Look across Seattle’s startup landscape, and you’ll see a commonality.
Like the tree it takes its name from, Madrona Venture Group’s roots are everywhere.
Partners teach entrepreneurial classes at the University of Washington. Organizations such as Techstars and UP Global rely on its support. And countless entrepreneurs have walked through the doors of the firm’s offices at 999 3rd Avenue hoping to add fuel and muscle to their startups.
Founded 20 years ago as a network of influential angel investors, including co-founder Tom Alberg who made an early bet on Amazon.com, Madrona has morphed into the region’s preeminent venture capital firm. As many Seattle venture firms have faded away — OVP Venture Partners, Fluke Venture Partners, Frazier Technology Ventures — Madrona’s might has multiplied.
And its importance continues to grow, perhaps to the point now where it is almost too critical.
If Sequoia or Kleiner Perkins disappeared from Silicon Valley, the money train would likely continue unabated. Other firms — whether Accel, Greylock or Andreessen Horowitz — would pick up the slack. But that’s not necessarily the case in Seattle.
When it comes to early-stage venture capital, Seattle is almost the equivalent of a one-sports-team town. And that’s not really a good thing.
Ask yourself: What would happen to Seattle’s startup scene if Madrona disappeared?
Madrona’s outsized impact can be seen in recent data compiled through Pitchbook. In 2014, Madrona invested about $100 million in 35 Pacific Northwest companies — roughly 10 percent of the entire haul.
While that’s a significant percentage, the numbers are even more staggering when you consider the multiplier effect. For each dollar invested by Madrona in early-stage companies in the Northwest, another 3.5 dollars flow to those portfolio companies. In 2014, Madrona and its syndicate partners — typically larger Silicon Valley venture firms that last year included 26 new major investors — sunk $463 million into the region. Madrona co-invested alongside firms such as Kleiner Perkins, Highland Capital, Insight Venture Partners, OpenView Venture Partners and others, helping to attract capital from deep pockets with key Silicon Valley connections.
That means Madrona-backed companies represented about 40 percent of all dollars invested in the region last year.
That’s impressive, but also a little scary when you think about it.
And it begs the question: Could Seattle’s startup community have too many eggs in one basket?
Partners at Madrona even recognize this issue, repeatedly noting that they’d like to see more home-grown capital flowing in the Northwest. That would mean more competition for Madrona.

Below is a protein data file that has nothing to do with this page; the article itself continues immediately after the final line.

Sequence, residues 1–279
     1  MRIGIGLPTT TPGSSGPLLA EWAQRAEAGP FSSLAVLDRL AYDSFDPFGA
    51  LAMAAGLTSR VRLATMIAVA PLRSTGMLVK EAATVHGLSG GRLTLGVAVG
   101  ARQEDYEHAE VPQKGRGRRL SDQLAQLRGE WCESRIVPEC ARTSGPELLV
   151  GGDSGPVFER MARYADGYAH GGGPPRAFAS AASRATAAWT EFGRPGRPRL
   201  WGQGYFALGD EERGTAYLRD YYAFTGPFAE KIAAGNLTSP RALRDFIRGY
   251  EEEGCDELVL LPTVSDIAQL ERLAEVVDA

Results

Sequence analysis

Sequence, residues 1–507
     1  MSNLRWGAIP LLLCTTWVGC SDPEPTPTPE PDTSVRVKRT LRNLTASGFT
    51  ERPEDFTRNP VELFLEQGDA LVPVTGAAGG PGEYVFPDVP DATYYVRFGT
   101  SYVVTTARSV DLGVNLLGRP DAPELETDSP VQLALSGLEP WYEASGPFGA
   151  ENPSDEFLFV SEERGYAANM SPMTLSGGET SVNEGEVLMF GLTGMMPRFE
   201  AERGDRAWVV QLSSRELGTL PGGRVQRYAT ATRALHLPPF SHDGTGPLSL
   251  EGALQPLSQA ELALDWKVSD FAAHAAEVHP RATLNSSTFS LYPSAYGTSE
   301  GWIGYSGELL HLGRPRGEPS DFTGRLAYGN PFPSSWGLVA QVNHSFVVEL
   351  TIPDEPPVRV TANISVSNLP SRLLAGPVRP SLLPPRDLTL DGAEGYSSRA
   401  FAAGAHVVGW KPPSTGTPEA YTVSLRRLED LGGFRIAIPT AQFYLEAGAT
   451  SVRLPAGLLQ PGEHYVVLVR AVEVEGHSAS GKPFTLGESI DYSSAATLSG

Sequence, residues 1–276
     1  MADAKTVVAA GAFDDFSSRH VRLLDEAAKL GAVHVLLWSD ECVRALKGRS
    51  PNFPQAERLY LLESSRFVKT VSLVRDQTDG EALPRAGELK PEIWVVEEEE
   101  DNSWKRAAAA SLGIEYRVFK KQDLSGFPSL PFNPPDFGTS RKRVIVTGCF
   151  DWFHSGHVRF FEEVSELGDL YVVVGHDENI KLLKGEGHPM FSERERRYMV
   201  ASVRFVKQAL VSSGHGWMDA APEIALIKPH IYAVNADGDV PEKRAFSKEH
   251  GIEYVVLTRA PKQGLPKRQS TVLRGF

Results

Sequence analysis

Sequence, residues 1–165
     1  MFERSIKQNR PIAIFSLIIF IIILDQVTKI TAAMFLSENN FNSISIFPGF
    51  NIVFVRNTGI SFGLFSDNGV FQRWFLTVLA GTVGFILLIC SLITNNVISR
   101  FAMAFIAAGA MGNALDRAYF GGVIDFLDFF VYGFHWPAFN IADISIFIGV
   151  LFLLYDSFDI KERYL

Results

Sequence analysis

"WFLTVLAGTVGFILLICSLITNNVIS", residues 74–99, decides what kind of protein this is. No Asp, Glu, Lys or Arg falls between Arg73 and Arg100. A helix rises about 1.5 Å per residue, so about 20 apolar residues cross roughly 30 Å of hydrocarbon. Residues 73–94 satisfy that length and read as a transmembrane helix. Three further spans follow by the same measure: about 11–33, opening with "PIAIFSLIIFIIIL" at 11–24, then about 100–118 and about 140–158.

But as in all industries — including the venture business — competition is good. It raises the game of everyone.
Madrona’s Matt McIlwain admits that they can’t invest in as many startups as the region needs, noting that Seattle would benefit if more people rolled up their sleeves to build companies. He also asked the question himself whether Madrona has too much concentration.
“We’d be delighted to see more total capital going into the region,” said McIlwain. “We’d be completely comfortable if our capital was a smaller percentage. I don’t know what the right number is.”
As McIlwain sees it, the region needs more “company builders” — people who will not only provide capital but the expertise to make sure small businesses grow into big ones.
“The capital is the tail wagging the dog here,” said McIlwain, adding that many venture capitalists provide operational expertise and business contacts that go well beyond the money. “That’s more of the thing that we need.” Having more indigenous capital and company builders would help entrepreneurs in the Seattle area, allowing more timely resources if an entrepreneur encountered business problems or strategic questions, McIlwain said.
Seattle venture capitalist Bill Bryant, a partner at DFJ, said the region certainly benefits from having Madrona investing in so many early-stage startup companies.
Bryant pointed specifically to companies such as Apptio, ExtraHop and Redfin. But Bryant also noted the importance of having a mix of investors deploying capital.
After all, for every 100 entrepreneurs that Madrona meets, it ends up backing just one.
“Like any ecosystem, the region requires diversity in its investor base to thrive: investors with different strategies and stage focus, interested in different sectors, technologies and markets, as well as enough strong investors to syndicate locally as happens in the Bay Area, Boston and now NYC,” said Bryant. “There are lessons to be learned from Austin’s dependence on the now defunct Austin Ventures, Denver’s reliance on the defunct Centennial Ventures or Vancouver which was dominated by Ventures West until they too went away.”
Madrona isn’t likely going away anytime soon. It raised a $300 million fund — the firm’s largest — in 2012.
The firm also added more heft earlier this month when it announced that three of the heaviest hitters in Seattle technology circles joined as strategic partners: F5 Networks CEO John McAdam; Concur CEO Steve Singh; and Isilon co-founder Sujal Patel.
Those leading tech founders and CEOs will help Madrona find new deals, and help existing portfolio companies grow.
Building the next generation of big companies in the region is something that everyone should care about. After all, Seattle needs a deep bench of startup companies that are turning into the next Tableaus, Zillows, F5s or Concurs. This regeneration of the ecosystem is something that drives a tech hubs forward. McIlwain, for one, said he’d welcome “roll up their sleeves teams” to build new early-stage companies in the region.
“We are not entrepreneurially constrained,” says McIlwain. “We are capital and company-builder constrained.”